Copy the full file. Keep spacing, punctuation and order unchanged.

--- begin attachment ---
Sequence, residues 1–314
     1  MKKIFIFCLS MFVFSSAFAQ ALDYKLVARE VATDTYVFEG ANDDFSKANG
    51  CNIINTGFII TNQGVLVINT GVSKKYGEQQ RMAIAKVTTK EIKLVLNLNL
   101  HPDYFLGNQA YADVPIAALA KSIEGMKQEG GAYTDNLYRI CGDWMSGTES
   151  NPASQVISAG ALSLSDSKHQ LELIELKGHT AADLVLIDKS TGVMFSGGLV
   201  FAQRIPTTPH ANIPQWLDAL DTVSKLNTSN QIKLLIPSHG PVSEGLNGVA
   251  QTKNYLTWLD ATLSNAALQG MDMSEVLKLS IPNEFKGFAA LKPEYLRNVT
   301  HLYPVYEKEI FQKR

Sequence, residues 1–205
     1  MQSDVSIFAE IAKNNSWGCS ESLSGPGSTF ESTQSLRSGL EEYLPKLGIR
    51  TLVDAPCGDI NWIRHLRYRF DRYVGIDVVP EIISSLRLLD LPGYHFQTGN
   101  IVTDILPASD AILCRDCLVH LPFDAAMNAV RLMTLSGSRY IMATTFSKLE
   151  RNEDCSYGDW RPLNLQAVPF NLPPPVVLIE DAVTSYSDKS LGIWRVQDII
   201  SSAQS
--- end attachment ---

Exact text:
Sequence, residues 1–314
     1  MKKIFIFCLS MFVFSSAFAQ ALDYKLVARE VATDTYVFEG ANDDFSKANG
    51  CNIINTGFII TNQGVLVINT GVSKKYGEQQ RMAIAKVTTK EIKLVLNLNL
   101  HPDYFLGNQA YADVPIAALA KSIEGMKQEG GAYTDNLYRI CGDWMSGTES
   151  NPASQVISAG ALSLSDSKHQ LELIELKGHT AADLVLIDKS TGVMFSGGLV
   201  FAQRIPTTPH ANIPQWLDAL DTVSKLNTSN QIKLLIPSHG PVSEGLNGVA
   251  QTKNYLTWLD ATLSNAALQG MDMSEVLKLS IPNEFKGFAA LKPEYLRNVT
   301  HLYPVYEKEI FQKR

Sequence, residues 1–205
     1  MQSDVSIFAE IAKNNSWGCS ESLSGPGSTF ESTQSLRSGL EEYLPKLGIR
    51  TLVDAPCGDI NWIRHLRYRF DRYVGIDVVP EIISSLRLLD LPGYHFQTGN
   101  IVTDILPASD AILCRDCLVH LPFDAAMNAV RLMTLSGSRY IMATTFSKLE
   151  RNEDCSYGDW RPLNLQAVPF NLPPPVVLIE DAVTSYSDKS LGIWRVQDII
   201  SSAQS